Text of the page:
Readings: I Kings 19:1-13, Secrets of Heaven #5036:2-3 (see below)
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Sometimes it can be hard to relate to the Bible. Without historical context, many of the stories seem strange to us. But chapter 19 in I Kings is one of those chapters in which the millennia that separate us and the time it was written just fall away. Who cannot resonate with the heart of Elijah’s experience? We may not personally be under threat of an evil queen, we may not have a wilderness to which we might flee or a broom bush under which we might pray. But we know what it is to feel like there is something that might destroy our life or happiness, some loss that will devastate us. We know what it is to feel like to need to run away. We know what it is to say: “I have had enough, Lord.” We know that feeling of weariness, emptiness, and aloneness.
These feelings are a part of being a human being, experiences that we particularly try not to shy away from during the season of Lent. Jesus felt all these things too, in the garden of Gethsemane, on the cross, in being rejected by his hometown, in all those times the disciples just could not understand what he was trying to do. These are truths of our human experience; they are real and we honor how difficult they are.
The Swedenborgian notion of temptation is a little more robust than our current cultural one, which generally seems to be about either seduction or an irresistible piece of chocolate cake. But really, true temptation is nothing other than a situation that exposes a challenge to our spiritual or moral conscience. We might just call it “spiritual struggle.” We come across these situations all the time, in lesser and greater forms, whereby we experience varying levels of agitation, confusion, sadness and anger. There are too many examples of spiritual struggle to list, and all of them deeply personal. We can all remember times we have been tempted to walk by, withhold love, give up hope, discount ourselves, make an assumption, lash out, close our eyes to what is important. We think of Elijah, standing up to to an evil regime, but empty, afraid, not sure what to do next or how to move forward, doubting that anything he did mattered. This is temptation and it isn’t fun.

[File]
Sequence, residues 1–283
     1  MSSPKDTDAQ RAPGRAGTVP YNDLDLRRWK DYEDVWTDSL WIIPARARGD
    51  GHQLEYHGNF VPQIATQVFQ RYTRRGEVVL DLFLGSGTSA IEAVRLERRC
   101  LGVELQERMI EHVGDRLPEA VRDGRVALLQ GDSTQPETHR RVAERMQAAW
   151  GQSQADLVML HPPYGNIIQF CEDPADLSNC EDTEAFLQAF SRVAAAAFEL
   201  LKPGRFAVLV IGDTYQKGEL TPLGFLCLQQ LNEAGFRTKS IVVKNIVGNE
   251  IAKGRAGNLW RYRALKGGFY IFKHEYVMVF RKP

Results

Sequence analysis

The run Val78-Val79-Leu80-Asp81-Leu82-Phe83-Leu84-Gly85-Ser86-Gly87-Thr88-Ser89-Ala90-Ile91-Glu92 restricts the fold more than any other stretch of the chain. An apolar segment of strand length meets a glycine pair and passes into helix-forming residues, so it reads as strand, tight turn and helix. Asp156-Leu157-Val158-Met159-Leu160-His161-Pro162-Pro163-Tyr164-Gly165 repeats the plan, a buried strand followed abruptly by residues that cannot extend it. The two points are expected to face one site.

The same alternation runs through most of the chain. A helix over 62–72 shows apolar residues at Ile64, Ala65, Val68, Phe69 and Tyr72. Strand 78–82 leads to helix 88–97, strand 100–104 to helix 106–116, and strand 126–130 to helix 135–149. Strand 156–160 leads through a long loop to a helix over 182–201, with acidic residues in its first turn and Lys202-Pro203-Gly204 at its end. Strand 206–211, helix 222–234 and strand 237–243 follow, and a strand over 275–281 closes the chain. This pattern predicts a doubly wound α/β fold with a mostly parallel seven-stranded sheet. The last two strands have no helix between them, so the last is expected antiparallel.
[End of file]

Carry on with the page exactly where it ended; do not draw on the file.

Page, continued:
Not that it is much of a comfort in the moment, but it is through these experiences of temptation that we are forged, that we are propelled forward in our spiritual journey. Through them we shed notions and ideas that do not serve love, we let go of desires or fears that hold us back from doing good in the world. Temptations of many kinds are necessary, so that we might become progressively more heavenly.
But they are difficult and challenging work, and in those times when we are consumed by our own feelings, when it feels like we are fighting for survival, it can be hard to notice how God and angels are present with us. It might feel like God is absent, even though we know that God is always with us and never withdraws. This is okay. Angels have nothing but compassion for us in this state. There is nothing we can do that would make them leave, for they have been through all of it just as we have, and they know how hard it is.
But even more, our angels, the ones who connect us to heavenly influence, are not simply passive during times of temptation. As we heard in Swedenborg reading, angels and spirits are connected to our thoughts and feelings. When our selfish feelings and our false thoughts are in conflict with our caring feelings and true thoughts, then the spirits and angels with us are in conflict as well. Our angels are fighting for us, and defend us from within.